“Blue Flame Day” Recognized by Three States for 50-Year Anniversary of Land Speed Record

On October 23, 1970, the Blue Flame rocket car became the world’s fastest vehicle when driver Gary Gabelich recorded the FIA-certified World Land Speed Records of 622.407 mph (1,001.667 kph) for the flying mile and 630.388 mph (1,014.5111 kph) for the flying kilometer. Fifty years later, the achievement was commemorated as the states of Utah, Wisconsin and Illinois issued proclamations celebrating “Blue Flame Day.”

The rocket car was designed in part by several professors and students at the Illinois Institute of Technology in Chicago. It was fabricated by motorsports enthusiasts at Reaction Dynamics in Milwaukee, Wisconsin, and raced by the Blue Flame team at the Bonneville Salt Flats in Utah.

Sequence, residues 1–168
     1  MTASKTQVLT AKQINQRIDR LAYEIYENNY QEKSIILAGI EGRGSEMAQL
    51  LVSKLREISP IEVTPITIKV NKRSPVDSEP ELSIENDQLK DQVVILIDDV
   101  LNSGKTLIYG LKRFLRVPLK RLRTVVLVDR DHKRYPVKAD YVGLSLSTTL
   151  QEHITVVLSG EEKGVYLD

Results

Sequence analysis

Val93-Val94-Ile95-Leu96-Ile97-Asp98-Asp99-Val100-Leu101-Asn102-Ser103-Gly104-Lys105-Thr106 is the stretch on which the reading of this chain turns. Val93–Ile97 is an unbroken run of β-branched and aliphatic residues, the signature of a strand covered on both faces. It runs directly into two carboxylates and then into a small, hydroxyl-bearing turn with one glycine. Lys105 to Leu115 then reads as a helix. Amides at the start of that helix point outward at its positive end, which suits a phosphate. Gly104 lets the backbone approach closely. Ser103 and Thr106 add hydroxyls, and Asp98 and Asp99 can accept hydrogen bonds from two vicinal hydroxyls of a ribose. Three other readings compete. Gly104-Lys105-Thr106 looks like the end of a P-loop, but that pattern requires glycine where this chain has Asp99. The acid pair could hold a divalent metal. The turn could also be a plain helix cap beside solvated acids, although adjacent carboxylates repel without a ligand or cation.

The Blue Flame was 37 feet long and nearly 8 feet high and wide. It had an aluminum skin and weighed more than 6,500 pounds. The rocket engine produced 58,000 horsepower and 22,000 pounds of thrust burning a combination of hydrogen peroxide and liquefied natural gas pressurized by helium gas. To this day, the vehicle remains the fastest American hot rod and the fastest vehicle ever driven at Bonneville.

Congratulations to the Blue Flame team and their colleagues who helped design, construct and race this timeless vehicle.